Discovered in 1983 by physicists at the Super Proton Synchrotron (SPS) at CERN, the Z boson is a neutral elementary particle. Like its electrically charged cousin, the W boson, the Z boson carries the weak force.
The weak force is essentially as strong as the electromagnetic force, but it appears weak because its influence is limited by the large mass of the W and Z bosons. Their mass limits the range of the weak force to about 10-18 metres, and it vanishes altogether beyond the radius of a single proton.
Enrico Fermi was the first to put forth a theory of the weak force in 1933, but it was not until the 1960s that Sheldon Glashow, Abdus Salam and Steven Weinberg developed the theory in its present form, when they proposed that the weak and electromagnetic forces are actually different manifestations of one electroweak force.
By emitting an electrically charged W boson, the weak force can cause a particle such as the proton to change its charge by changing the flavour of its quarks. In 1958, Sidney Bludman suggested that there might be another arm of the weak force, the so-called "weak neutral current," mediated by an uncharged partner of the W bosons, which later became known as the Z boson.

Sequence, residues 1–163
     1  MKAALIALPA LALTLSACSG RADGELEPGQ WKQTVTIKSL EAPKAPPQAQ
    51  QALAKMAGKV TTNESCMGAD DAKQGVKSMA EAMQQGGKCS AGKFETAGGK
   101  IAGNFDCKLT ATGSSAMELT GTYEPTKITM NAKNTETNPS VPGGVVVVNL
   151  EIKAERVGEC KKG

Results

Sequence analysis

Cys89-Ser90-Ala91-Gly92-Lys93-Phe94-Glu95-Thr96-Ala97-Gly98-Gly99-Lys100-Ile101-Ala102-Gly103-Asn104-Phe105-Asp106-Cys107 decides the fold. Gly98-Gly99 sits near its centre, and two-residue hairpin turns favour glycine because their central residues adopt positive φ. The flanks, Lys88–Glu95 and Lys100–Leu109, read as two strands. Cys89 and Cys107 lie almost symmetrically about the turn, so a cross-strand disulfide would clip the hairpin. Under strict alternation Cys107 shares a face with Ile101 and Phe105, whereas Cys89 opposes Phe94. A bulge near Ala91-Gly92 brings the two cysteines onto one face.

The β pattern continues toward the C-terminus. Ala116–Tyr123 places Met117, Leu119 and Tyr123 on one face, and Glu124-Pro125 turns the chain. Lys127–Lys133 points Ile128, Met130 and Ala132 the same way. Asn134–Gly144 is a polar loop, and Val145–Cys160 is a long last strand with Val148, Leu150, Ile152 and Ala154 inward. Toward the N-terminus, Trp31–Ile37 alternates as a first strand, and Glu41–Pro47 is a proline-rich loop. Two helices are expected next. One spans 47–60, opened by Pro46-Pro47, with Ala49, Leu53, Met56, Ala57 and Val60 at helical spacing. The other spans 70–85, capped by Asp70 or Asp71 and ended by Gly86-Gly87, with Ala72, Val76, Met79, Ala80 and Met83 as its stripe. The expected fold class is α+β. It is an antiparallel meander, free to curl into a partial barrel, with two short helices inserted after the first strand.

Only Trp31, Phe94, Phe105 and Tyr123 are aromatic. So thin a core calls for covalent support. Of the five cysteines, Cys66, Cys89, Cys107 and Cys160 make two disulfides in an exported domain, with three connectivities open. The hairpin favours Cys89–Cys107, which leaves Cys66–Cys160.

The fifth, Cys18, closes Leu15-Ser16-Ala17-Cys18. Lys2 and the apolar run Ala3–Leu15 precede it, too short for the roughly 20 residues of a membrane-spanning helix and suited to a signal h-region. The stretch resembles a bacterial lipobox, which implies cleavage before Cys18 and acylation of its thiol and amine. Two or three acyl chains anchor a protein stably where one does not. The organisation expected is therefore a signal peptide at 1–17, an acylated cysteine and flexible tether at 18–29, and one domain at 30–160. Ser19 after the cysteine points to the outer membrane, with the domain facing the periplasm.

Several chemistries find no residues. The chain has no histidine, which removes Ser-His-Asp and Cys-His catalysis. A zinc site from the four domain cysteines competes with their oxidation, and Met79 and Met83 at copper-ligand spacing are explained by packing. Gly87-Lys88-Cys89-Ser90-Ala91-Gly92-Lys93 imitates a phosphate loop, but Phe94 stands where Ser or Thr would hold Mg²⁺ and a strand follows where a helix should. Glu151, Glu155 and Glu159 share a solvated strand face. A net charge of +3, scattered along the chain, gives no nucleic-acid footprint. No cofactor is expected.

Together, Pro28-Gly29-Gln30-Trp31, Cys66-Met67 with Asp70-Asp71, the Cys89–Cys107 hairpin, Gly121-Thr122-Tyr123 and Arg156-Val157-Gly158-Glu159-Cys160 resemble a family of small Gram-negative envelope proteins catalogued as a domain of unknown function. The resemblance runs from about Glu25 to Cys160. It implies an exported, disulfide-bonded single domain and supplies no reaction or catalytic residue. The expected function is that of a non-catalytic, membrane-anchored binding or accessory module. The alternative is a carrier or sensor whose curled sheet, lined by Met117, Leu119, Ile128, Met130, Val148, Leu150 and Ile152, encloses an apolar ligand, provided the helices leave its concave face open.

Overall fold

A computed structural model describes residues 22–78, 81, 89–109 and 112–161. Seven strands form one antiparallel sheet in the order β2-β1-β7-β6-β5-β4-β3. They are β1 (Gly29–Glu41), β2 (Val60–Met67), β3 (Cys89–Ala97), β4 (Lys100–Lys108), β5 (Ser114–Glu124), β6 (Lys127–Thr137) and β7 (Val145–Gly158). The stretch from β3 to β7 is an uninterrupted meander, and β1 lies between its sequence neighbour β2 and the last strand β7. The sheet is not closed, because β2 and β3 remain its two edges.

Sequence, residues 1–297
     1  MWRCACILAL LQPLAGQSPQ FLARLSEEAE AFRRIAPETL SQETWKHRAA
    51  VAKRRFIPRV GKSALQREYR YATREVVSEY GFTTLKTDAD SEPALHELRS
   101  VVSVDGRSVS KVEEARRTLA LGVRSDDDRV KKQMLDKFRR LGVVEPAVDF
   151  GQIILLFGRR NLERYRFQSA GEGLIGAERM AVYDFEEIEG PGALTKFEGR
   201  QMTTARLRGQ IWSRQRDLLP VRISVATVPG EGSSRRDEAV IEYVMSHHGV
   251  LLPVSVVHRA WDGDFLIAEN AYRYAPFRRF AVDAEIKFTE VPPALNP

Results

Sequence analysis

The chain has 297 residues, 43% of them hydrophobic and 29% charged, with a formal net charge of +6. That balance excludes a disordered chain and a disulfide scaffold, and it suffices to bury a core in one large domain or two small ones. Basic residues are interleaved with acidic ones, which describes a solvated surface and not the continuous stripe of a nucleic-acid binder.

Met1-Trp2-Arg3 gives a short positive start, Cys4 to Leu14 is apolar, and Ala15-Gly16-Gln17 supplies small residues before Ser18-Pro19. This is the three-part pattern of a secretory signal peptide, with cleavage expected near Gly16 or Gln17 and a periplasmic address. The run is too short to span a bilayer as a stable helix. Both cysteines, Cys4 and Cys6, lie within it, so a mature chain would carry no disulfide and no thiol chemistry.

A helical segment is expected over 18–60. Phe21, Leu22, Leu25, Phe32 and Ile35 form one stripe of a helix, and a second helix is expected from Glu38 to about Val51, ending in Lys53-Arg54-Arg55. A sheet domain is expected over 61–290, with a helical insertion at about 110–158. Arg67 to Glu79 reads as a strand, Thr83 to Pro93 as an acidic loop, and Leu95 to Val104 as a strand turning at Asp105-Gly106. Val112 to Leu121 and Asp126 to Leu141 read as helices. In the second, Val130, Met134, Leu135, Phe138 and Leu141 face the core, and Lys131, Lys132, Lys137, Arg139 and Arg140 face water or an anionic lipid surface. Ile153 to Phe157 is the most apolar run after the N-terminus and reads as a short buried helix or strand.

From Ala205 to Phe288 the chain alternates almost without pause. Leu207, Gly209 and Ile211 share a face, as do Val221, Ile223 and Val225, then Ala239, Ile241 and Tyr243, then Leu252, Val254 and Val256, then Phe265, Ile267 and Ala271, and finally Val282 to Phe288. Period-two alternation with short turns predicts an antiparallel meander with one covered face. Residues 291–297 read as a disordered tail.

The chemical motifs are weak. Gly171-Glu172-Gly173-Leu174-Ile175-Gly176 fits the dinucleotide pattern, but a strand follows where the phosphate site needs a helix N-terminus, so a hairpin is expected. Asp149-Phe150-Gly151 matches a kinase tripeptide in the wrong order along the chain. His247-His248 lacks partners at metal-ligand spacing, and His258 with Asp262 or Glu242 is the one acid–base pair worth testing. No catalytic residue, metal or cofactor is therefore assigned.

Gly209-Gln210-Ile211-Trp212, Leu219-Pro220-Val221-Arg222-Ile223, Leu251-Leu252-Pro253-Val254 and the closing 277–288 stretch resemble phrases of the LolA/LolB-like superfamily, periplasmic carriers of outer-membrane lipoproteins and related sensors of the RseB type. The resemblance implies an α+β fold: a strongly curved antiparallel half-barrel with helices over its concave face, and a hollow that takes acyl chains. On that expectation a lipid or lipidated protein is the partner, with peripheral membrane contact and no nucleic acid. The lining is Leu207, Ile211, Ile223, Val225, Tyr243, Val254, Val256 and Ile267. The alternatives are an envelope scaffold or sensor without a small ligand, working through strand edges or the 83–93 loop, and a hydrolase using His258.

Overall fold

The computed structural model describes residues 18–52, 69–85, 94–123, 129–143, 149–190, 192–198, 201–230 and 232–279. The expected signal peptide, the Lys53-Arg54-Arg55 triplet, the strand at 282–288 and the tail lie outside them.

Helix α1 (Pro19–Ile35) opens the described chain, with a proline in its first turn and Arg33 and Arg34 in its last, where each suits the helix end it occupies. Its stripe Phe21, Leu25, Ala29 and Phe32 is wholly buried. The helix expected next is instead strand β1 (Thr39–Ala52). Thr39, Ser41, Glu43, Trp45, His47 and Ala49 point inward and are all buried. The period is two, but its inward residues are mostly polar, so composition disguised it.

Physicists working with the Gargamelle bubble chamber experiment at CERN presented the first convincing evidence to support this idea in 1973. Neutrinos are particles that interact only via the weak interaction, and when the physicists examined collisions they were able to detect evidence of the weak neutral current, and hence indirect evidence for the Z boson.
At the end of the 1970s, physicists Carlo Rubbia, Peter McIntyre and David Cline suggested converting what was then CERN’s biggest accelerator, the Super Proton Synchrotron, to operate as a proton-antiproton collider, with the aim of producing W and Z bosons directly. Both types of particle were observed there for the first time in 1983 by the UA1 and UA2 experiments.
The bosons were then studied in more detail at CERN and at Fermi National Accelerator Laboratory in the US. In 1989, first physics results from the Large Electron-Positron collider at CERN measured the width of the Z boson and confirmed that there are only three neutrino types in Nature: electron, muon and tau. During the 1990s, LEP and the SLAC Linear Collider in the US produced millions of Z bosons for further study. These results culminated in the need to search for the final piece of the Standard Model – the Higgs boson, which was discovered in July 2012.
The discovery of W and Z bosons was an extraordinary technical triumph, confirming a critical aspect of the Standard Model. As a result, the 1984 Nobel prize in physics was awarded to Carlo Rubbia and Simon van der Meer.